Charlie is a great character, bubbly and joyful, whipping her long blonde ponytail around and wearing a cute red tux every day. Vaggie is more of a pessimist, putting on a surly demeanor, but still letting a smile slip when Charlie is being cute. They have one of my favorite dynamics, sometimes described as golden retriever/black cat. When the show starts, they’re already established as girlfriends, and even the most oblivious (and/or straight) person would know it by the time Vaggie was swinging around singing “I will be your armor” and “I’ll spend my life being your partner.”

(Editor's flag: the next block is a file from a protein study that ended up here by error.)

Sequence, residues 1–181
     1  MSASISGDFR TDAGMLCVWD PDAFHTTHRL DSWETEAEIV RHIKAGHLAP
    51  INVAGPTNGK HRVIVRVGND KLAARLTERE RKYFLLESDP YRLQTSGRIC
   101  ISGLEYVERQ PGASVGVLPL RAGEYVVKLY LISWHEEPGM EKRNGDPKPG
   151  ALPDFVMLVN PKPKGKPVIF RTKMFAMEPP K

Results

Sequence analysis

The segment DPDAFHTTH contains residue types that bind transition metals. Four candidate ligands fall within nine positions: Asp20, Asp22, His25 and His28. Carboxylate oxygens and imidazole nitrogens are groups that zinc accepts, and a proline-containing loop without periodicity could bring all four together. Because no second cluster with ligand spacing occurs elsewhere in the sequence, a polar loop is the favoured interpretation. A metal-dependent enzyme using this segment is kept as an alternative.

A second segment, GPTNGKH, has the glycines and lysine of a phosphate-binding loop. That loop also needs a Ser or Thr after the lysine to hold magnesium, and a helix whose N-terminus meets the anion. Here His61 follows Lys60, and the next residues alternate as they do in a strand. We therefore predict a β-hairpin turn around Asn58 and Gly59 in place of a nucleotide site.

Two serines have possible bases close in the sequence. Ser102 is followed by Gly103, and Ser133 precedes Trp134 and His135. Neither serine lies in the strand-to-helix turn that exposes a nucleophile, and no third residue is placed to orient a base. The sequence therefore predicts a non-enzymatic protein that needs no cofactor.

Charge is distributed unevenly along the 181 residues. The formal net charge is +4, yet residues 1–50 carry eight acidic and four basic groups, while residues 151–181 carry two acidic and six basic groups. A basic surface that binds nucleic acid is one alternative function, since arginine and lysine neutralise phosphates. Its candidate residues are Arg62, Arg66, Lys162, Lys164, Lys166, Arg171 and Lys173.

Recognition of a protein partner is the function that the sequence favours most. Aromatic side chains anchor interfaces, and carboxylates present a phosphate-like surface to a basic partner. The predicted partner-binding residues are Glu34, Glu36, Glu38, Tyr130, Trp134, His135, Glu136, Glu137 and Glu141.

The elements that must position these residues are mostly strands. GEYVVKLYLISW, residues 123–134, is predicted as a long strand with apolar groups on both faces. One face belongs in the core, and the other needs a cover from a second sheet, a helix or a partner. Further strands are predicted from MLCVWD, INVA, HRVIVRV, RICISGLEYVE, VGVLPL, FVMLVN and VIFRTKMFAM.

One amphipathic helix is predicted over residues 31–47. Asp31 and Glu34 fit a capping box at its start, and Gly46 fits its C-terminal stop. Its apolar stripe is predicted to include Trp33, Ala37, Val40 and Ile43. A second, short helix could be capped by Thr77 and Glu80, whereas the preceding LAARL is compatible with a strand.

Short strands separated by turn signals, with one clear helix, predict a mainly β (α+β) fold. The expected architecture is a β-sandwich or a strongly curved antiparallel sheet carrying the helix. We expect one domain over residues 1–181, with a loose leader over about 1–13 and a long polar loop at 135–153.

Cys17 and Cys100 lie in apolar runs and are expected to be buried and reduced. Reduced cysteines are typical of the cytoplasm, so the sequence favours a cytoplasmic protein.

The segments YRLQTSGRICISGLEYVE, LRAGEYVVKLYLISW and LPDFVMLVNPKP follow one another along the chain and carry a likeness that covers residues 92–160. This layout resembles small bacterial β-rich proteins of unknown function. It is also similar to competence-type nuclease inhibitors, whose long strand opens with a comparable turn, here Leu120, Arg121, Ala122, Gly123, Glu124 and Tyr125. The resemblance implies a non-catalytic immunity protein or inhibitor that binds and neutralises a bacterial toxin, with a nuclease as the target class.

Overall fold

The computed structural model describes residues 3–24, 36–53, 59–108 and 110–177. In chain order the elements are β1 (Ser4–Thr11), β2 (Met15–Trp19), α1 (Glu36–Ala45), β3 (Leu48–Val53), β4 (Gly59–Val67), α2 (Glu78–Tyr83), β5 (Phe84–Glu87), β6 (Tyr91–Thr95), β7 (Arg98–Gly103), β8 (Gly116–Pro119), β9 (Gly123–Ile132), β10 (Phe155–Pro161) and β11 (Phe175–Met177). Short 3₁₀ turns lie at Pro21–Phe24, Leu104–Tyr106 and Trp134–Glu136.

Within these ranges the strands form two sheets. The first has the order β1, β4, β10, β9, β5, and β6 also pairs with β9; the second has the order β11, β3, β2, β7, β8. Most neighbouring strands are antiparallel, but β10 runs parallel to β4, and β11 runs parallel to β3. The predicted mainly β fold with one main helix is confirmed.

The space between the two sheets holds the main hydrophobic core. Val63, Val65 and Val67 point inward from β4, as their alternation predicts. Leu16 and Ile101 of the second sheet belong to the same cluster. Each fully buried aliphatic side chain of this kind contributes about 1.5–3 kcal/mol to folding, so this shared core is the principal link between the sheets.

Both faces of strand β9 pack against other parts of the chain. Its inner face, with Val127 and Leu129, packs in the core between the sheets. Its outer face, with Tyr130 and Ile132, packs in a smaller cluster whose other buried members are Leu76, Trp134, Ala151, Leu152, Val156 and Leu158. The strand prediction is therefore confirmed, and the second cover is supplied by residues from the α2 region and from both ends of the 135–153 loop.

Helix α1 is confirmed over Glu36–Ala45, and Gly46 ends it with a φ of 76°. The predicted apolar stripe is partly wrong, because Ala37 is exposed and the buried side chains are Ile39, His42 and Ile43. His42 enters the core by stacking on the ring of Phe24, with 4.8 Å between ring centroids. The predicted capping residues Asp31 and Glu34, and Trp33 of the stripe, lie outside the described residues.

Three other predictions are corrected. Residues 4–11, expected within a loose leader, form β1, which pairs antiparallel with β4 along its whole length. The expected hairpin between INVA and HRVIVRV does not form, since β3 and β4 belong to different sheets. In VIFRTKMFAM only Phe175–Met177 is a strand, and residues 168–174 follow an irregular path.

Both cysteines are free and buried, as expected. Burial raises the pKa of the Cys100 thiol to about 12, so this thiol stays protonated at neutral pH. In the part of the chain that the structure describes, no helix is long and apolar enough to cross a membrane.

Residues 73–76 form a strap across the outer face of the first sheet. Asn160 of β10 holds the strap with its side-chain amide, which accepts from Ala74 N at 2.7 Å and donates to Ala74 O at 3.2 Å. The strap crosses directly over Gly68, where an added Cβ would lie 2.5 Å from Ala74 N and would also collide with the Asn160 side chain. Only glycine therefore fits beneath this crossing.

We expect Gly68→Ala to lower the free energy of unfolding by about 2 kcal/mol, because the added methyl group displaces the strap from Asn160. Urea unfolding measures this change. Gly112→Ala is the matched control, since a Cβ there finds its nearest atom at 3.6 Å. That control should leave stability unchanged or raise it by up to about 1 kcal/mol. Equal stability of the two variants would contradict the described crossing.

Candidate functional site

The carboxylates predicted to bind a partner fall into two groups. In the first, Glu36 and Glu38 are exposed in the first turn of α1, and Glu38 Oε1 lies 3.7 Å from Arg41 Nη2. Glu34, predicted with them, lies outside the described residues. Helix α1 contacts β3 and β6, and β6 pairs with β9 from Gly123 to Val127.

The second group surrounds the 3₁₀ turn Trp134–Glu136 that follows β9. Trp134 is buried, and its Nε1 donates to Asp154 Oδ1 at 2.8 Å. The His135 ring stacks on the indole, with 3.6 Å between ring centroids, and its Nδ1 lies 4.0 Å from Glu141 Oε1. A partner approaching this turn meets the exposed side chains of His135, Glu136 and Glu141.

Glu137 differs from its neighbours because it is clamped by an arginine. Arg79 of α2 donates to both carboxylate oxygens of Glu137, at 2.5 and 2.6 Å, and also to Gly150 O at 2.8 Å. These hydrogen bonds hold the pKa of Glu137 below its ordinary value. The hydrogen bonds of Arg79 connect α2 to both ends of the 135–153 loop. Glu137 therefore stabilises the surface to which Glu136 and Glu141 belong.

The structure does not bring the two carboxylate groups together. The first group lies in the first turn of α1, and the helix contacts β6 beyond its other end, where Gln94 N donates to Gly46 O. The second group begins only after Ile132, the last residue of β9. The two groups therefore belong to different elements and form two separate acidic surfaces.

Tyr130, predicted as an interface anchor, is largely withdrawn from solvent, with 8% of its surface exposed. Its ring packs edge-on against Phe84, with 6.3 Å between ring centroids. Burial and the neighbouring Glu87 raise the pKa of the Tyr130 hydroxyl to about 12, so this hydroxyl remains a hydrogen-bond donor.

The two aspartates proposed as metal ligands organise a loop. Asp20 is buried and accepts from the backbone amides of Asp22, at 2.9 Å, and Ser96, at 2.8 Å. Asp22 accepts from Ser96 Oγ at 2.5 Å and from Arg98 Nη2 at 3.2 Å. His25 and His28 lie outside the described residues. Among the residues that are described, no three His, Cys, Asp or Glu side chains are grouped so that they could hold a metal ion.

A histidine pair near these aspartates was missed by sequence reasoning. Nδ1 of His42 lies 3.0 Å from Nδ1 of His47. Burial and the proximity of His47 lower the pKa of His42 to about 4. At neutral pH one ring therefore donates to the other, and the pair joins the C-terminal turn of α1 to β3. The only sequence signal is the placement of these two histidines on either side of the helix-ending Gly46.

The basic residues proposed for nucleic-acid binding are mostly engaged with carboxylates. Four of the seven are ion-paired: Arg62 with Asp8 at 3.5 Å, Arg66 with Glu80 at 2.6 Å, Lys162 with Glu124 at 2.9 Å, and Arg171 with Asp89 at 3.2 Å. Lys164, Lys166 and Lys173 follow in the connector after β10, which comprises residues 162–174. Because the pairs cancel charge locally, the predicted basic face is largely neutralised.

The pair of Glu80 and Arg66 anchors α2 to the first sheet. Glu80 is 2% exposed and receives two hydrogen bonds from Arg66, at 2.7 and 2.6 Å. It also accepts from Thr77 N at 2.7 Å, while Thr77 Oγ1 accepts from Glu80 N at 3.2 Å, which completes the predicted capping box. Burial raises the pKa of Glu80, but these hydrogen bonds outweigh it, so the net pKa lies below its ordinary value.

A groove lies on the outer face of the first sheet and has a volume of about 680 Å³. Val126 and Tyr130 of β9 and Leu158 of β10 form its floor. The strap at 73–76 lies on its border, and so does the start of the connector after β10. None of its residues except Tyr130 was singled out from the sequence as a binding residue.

Aggie swings from a pirate ship mast while she sings about her girlfriend

“I’ll be your armor” is so gay I almost burst into rainbows about it.

The show so far is a blast with a large cast of dynamic and interesting characters. Nothing is quite as it seems in hell, and all the souls here are more than their sins. Also, all of the songs are next-level good. I’ve had “Happy Day in Hell” stuck in my head since I first heard it, and the song I mentioned that Stephanie Beatriz and Daphne Rubin-Vega sing is soul-crushingly beautiful. In the fourth episode there’s a song called “Poison” that’s another standout — for the visuals and the song itself.